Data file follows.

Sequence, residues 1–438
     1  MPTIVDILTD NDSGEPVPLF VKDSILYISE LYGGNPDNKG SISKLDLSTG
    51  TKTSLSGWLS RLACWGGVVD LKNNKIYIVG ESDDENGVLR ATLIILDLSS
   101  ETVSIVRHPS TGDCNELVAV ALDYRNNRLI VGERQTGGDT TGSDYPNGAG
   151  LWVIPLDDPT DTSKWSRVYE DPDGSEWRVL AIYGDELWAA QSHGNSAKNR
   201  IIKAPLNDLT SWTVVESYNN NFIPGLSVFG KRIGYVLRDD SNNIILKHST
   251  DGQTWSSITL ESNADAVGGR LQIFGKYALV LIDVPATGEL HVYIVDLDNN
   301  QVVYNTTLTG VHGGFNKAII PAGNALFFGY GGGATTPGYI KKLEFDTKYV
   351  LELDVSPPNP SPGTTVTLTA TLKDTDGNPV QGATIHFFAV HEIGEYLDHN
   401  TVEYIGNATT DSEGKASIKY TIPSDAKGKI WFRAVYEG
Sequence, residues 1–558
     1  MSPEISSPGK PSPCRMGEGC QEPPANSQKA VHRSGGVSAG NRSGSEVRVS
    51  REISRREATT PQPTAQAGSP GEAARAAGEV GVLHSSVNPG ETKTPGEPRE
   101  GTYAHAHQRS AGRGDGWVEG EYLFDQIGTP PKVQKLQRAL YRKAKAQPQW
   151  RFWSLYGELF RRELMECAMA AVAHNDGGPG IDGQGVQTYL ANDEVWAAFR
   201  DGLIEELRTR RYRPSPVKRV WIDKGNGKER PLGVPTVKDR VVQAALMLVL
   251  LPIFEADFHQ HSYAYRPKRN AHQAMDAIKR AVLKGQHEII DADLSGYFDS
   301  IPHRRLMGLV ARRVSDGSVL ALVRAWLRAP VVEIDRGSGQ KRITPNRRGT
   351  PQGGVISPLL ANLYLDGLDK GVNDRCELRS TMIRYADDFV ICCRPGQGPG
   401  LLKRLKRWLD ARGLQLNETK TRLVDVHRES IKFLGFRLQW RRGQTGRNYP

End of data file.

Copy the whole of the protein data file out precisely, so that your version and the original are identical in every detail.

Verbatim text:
Sequence, residues 1–438
     1  MPTIVDILTD NDSGEPVPLF VKDSILYISE LYGGNPDNKG SISKLDLSTG
    51  TKTSLSGWLS RLACWGGVVD LKNNKIYIVG ESDDENGVLR ATLIILDLSS
   101  ETVSIVRHPS TGDCNELVAV ALDYRNNRLI VGERQTGGDT TGSDYPNGAG
   151  LWVIPLDDPT DTSKWSRVYE DPDGSEWRVL AIYGDELWAA QSHGNSAKNR
   201  IIKAPLNDLT SWTVVESYNN NFIPGLSVFG KRIGYVLRDD SNNIILKHST
   251  DGQTWSSITL ESNADAVGGR LQIFGKYALV LIDVPATGEL HVYIVDLDNN
   301  QVVYNTTLTG VHGGFNKAII PAGNALFFGY GGGATTPGYI KKLEFDTKYV
   351  LELDVSPPNP SPGTTVTLTA TLKDTDGNPV QGATIHFFAV HEIGEYLDHN
   401  TVEYIGNATT DSEGKASIKY TIPSDAKGKI WFRAVYEG
Sequence, residues 1–558
     1  MSPEISSPGK PSPCRMGEGC QEPPANSQKA VHRSGGVSAG NRSGSEVRVS
    51  REISRREATT PQPTAQAGSP GEAARAAGEV GVLHSSVNPG ETKTPGEPRE
   101  GTYAHAHQRS AGRGDGWVEG EYLFDQIGTP PKVQKLQRAL YRKAKAQPQW
   151  RFWSLYGELF RRELMECAMA AVAHNDGGPG IDGQGVQTYL ANDEVWAAFR
   201  DGLIEELRTR RYRPSPVKRV WIDKGNGKER PLGVPTVKDR VVQAALMLVL
   251  LPIFEADFHQ HSYAYRPKRN AHQAMDAIKR AVLKGQHEII DADLSGYFDS
   301  IPHRRLMGLV ARRVSDGSVL ALVRAWLRAP VVEIDRGSGQ KRITPNRRGT
   351  PQGGVISPLL ANLYLDGLDK GVNDRCELRS TMIRYADDFV ICCRPGQGPG
   401  LLKRLKRWLD ARGLQLNETK TRLVDVHRES IKFLGFRLQW RRGQTGRNYP